Text of Remarks National Chief wanted to make at Papal event
EDMONTON, AB – AFN National Chief RoseAnne Archibald was informed at yesterday’s welcome ceremony for Pope Francis that she won’t be permitted to speak to survivors at today’s papal visit in Maskwacis.
Provided here is her message to survivors:
“Wahcheeyay Misiway. First, I want to acknowledge the Creator, the world around us, our place within it, and the traditional lands of Treaty 6 upon which we gather. Meegwetch Chief Ermineskin and Grand Chief Arcand for hosting this gathering today. As National Chief of the Assembly of First Nations, I welcome His Holiness Pope Francis to our traditional lands, in good faith, on his penitential journey towards truth and reconciliation.
In truth, it is with a great deal of conflict I join you today; but it’s important for First Nations children and survivors and intergenerational trauma survivors to know that their National Chief stands with them. I do. It’s also important for me, personally, to be here on behalf of my family.
Support is available for anyone experiencing distress during the papal visit to Turtle Island. The Residential School Survivor Support Line is available 24 hours a day, 7 days a week. 1-866-925-4419
I have four members of my immediate family who went to St. Anne’s in northern Ontario, including my mother, and my sister who died in St. Anne’s. So, make no mistake about it, I am reluctant to be in contact with this Church establishment. I do not condone the Church’s history of supporting injustice and I am strongly opposed to any organization who doesn’t protect women but does protect those who abuse children.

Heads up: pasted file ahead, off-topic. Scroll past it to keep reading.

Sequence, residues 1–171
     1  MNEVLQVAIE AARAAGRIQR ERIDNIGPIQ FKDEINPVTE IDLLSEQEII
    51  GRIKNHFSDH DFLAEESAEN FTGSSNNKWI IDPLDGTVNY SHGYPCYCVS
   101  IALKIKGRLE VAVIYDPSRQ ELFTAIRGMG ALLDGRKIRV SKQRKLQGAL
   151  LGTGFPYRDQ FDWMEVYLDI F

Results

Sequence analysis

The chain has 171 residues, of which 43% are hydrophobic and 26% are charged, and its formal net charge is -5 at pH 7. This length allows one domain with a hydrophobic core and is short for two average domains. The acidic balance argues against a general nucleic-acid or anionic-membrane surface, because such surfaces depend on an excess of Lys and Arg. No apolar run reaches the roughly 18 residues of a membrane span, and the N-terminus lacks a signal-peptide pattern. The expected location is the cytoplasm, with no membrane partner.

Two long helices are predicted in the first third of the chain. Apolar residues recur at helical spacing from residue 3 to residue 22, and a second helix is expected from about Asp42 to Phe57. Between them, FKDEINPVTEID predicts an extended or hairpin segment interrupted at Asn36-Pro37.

Women are the backbone of our society and children represent our future. Generations of Indigenous children have experienced and continue to experience trauma because of colonialism—colonial systems, colonial beliefs, colonial mindsets—as perpetrated and justified by the 1493 papal bull supporting the Doctrine of Discovery. I have personally asked Pope Francis to formally revoke this vile document.
The systemic racism that we as Indigenous people have experienced and continue to experience has had major consequences on outcomes of poverty, substance abuse, violence, and mental health. In her own words, one First Nations matriarch said she grew up a very mean woman because of what happened to her—and she’s not alone. More than 150,000 children were sent to what I no longer call schools; I call them what they were: institutions of assimilation and genocide. Schools don’t have graveyards.
Now today we’re breaking the cycle with our children, grandchildren, and great-grandchildren.
I recognize that I am an intergenerational trauma survivor and we all have our own stories to share. I woke up today thinking of my mom, who was both a traditional Cree woman and a Catholic. If my mom were alive today, she’d accept the Pope’s words of apology and emanate love and forgiveness as she always did; and she wouldn’t be alone. For some survivors, it is necessary to their healing journey to receive the Pope’s apology and offer forgiveness. For others, it is a somber occasion of mixed and deeply distressing emotions. Reactions to this papal visit are all individual, powerful, and valid.
My message to all survivors is that you are loved and deeply cared for and there is support for you—certainly here in Maskwacis today but also in the days and weeks ahead, and beyond that, as you move gently through your healing process.
For survivors and all our peoples, I say I love every single one of you and I care what happens to you and every person in your community. I continue to hold a positive vision of happy, healthy children surrounded by the love and care of their families, living in safe, vibrant communities.
All in all, as National Chief, I will remain cautious and critical of the Church. I will also remain committed to the healing path forward.